Do you not think anyone here would not have said to turn that off or Windows themselves would ship the Home version without it, if it were an issue? Some of the Com+ snap-in's com in handy and if you installed the OS all the way and turn off that IPC path, you no longer can access some security related features on Pro. Remote snap-in also does not mean "remote" as in offsite. It can mean in a different part of the drive. You do know Windows wraps around like a belt and makes 3 hidden partitions, you can't access that uses DCOM and HTTP to communicate securely? The pathways are "\\\\.\\" type format and they're entirely for IPC, System related communication. Yes the "system" talks to the other parts of the "system" using this pathway and a number of "SID"s.
I used to think like you, just rip it out, it wasn't like that in XP. Windows Vista and 7 weren't even totally dependent on the DCOM/HTTP Auto Proxy but alas, after several convo's with those currently developing this version of 20H2, have educated me that none of that matters and to leave it alone. Windows is based off Linux and the Unix Socket system and it does run Linux, Python, even Github type apps beneath the OS we all see. That's why the HKLM BCD is all 0's, there's leftover server 2008, Vista, even XP in the registry because the OS still uses that stuff. We just don't see it. Look at the number of SID's, none are real people but the one ending in "1001" and even that is stored in "App Data Local Temp".
You can turn off nearly all services under "Services" and accomplish the same result, certain ones like DCOM,HTTP Auto Proxy, and a few others like anything ending in "user_numbers" cannot be turned off from there. However, you could turn off enough to cripple your PC, so if the person isn't sure about a service, it's best to make it "manual" not "disabled".
So if anyone wants to go down the path of doing what this OP says and disable your DCOM, do it before you add a single program or driver. Do it to an installed system and you're asking for troubles.
Want to keep hackers out? Turn off "Enable Remote Connections" and "Remote Desktop". You can even disable all the "Hyper-V" stuff if you're not running any VMware. Windows 10 X64 20H2 is not designed to operate without DCOM and the rest of it's "core" components. Windows is now all called "Core" for a reason. It's so in the future things just work with Windows seamlessly.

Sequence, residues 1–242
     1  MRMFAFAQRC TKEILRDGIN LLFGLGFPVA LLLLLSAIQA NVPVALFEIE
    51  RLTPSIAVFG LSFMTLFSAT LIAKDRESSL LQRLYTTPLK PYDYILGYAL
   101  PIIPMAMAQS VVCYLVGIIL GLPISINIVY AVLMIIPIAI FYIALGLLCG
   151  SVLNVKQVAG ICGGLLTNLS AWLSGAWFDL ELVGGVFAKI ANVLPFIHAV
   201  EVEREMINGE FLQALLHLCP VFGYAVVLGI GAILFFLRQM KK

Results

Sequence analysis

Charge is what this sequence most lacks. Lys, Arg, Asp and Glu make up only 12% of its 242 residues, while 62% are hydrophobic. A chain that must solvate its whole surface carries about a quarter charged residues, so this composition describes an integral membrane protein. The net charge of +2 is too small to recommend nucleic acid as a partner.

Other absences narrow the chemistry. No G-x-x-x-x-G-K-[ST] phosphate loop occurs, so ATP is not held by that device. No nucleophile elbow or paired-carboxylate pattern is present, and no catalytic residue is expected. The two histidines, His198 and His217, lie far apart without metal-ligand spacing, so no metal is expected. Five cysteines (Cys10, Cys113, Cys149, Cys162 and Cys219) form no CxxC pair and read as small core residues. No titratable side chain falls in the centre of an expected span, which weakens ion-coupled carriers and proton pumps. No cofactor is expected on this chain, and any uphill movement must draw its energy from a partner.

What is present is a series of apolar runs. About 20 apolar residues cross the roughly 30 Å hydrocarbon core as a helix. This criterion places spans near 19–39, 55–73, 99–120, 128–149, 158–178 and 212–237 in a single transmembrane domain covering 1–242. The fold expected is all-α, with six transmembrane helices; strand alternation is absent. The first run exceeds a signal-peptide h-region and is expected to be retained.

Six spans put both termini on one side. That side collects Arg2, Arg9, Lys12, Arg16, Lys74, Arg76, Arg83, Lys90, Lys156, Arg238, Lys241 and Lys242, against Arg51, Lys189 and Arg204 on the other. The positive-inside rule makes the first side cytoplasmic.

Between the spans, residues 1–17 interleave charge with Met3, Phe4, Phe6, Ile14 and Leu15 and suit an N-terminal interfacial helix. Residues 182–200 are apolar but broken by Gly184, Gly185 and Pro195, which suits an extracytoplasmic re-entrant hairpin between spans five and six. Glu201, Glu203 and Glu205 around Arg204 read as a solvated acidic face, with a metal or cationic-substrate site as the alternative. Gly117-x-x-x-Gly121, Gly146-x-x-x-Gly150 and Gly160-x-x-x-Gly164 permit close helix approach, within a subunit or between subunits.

Disabling DCOM does nothing to prevent crashes nor does it utilize resources in excess or that you'd even notice until it's something you need. Like Xbox Gamebar or Windows Store or Tiles, Toasts, Your Phone, anything else one might want to use. COM=Common Object, so go ahead gut your OS. Has nothing to do with Azure, or any of that garbage at the end of your WOT. It's not a "simple home gamer's issue" because DCOM has zip to do with interfering with games since about XP.
I can confirm it is a possible cause since this 22.214.171.124 seems to be a problematic BIOS update. I'm going back to the 126.96.36.199 to see if that's it. The "Curve optimizer" seems to be a problem causing cores to drop/fail to boost under heavy load, even when disabled. My fight is with the 5600X and no connected issue with the RX 6800 that I could find. Seems all CPU at this point, so SAM may well be an issue.
I have an AsRock board so this "resize bar(SAM)" option is part of the new 188.8.131.52 BIOS I did to install the 5600X. At first I had "Above 4G Decoding" on and that allowed for SAM but you lose the DVD drive due to disabling CSM. I'm sure it's an AsRock issue because their BIOS's are really twisted garbage. Ask Buildzoid. I bought mine because it was on sale. I only use Gigabyte or sometimes Asus, stuck with it for now.
I have the same issue with my 6800 XT.
The issue is still not solved for me, but i described the steps i took based on the support suggestions.
Maybe they help in your case - no idea.
One thing is clear, I won't ever buy an AMD card again.